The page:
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Commissioners see big repairs, new roads coming

There are plans in the works for major road improvements and, perhaps, new county roads in the near future, but, for the time being, the Harrison County Commissioners are concentrating on the upcoming construction season.
The board is seeking $4 million now to upgrade existing roads. Each of the three districts in the county would receive $1 million for improvements plus $333,333 for contract work, such as guardrail installations.
That amount and more has been approved by the Harrison County Council each of the past three years from Caesars’ gaming tax revenue, which so far totals $57.3 million.
As a result of the spending on roads, 83 percent of Harrison County’s country roads are now paved, 16 percent are gravel, and one percent chip and seal, engineer Darin Duncan told the council last week.
“That’s a pretty good improvement over the last three years,” he said.
The council is expected to act on that request at its Monday night meeting at 7.
In the coming months — and years — the council may be asked to approve funds to improve Corydon-New Middletown Road, to construct a new connector road between S.R. 337 and Buck Creek Valley Road at the New Middletown-Elizabeth Road, and build a new road from S.R. 11 at the S.R. 337 intersection west to S. R. 135. That would give southeast residents a more direct route to the Corydon, the county seat.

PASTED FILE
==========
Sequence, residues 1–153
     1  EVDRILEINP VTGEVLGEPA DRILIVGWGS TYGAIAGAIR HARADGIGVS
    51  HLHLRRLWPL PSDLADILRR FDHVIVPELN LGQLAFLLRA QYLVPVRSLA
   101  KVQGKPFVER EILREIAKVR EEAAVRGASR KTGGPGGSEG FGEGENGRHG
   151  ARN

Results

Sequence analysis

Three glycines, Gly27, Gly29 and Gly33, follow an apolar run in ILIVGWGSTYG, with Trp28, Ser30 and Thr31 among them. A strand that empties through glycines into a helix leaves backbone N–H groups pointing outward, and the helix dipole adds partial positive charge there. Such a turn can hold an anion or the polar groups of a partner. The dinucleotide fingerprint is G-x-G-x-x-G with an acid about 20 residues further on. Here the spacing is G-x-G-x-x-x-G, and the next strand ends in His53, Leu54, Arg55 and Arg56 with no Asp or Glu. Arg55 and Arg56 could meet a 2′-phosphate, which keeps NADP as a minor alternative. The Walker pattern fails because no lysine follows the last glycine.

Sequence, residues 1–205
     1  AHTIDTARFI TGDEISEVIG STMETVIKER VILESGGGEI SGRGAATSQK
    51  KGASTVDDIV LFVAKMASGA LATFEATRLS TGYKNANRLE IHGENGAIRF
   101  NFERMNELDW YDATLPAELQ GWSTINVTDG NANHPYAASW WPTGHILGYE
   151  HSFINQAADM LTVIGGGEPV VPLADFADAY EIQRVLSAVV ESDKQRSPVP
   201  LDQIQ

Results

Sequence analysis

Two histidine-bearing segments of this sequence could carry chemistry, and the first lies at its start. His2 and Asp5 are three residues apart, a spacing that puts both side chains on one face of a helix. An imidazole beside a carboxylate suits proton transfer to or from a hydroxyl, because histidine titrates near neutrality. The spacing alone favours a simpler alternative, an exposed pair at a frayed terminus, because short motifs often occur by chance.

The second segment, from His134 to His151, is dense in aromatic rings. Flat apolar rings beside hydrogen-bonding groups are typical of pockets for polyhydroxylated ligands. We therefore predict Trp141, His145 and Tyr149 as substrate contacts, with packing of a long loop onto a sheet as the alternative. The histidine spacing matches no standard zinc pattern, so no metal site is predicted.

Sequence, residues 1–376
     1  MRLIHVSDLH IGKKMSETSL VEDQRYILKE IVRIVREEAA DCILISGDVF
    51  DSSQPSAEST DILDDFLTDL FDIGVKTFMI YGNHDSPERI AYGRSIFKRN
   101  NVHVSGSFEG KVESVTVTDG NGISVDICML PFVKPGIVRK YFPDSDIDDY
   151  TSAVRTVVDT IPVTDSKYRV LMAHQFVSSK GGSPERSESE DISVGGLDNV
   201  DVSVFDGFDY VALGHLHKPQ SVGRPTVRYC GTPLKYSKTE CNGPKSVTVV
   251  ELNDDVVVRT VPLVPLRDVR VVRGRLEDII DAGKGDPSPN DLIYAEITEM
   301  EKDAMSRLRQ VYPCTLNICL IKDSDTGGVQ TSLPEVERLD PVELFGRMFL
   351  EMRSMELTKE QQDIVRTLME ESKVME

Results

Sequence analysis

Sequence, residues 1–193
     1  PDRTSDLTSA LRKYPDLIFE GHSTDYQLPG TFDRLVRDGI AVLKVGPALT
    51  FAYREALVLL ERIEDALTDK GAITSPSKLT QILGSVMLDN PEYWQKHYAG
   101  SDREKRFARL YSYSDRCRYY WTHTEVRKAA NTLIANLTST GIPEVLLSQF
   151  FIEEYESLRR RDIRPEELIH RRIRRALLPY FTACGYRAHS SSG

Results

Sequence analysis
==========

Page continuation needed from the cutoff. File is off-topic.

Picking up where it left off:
Those projects are all in the early planning stages, but aerial photographs will likely be taken this spring to determine the topography along each location, Duncan said. The consulting firm, PDR Engineering of Corydon, is under contract on that phase of the project and beyond.
“This is not something we’re going to do without public input,” Duncan said. “We will be soliciting public input to see what people want.”
Public meetings will be held for that purpose, but plans aren’t far enough along to schedule those.
Duncan said no property owners are expected to be displaced by any of these plans, but rights-of-ways will need to be acquired and some utilities relocated for the work to be accomplished.
Work on the 12-1/2-mile stretch from Corydon to Elizabeth, beginning with Corydon-New Middletown Road, will involve straightening some curves and cutting down some hills, improvements designed to make travel safe at 45 mph in certain areas, said Commissioner John R. (J.R.) Eckart.
Eckart, in whose district the road lies, said the focus will be on the first two miles or so of the Corydon-New Middletown Road, from Smith Hill Road east to New Middletown.
“We want to do some major work,” he said. “It’s a dangerous, hilly, undulating road.”
Although riverboat revenue will be sought, the commissioners are also investigating the possibility of using federal funds for some of the improvements. But that process, which can take more than five years, may prove too lengthy, Duncan said.

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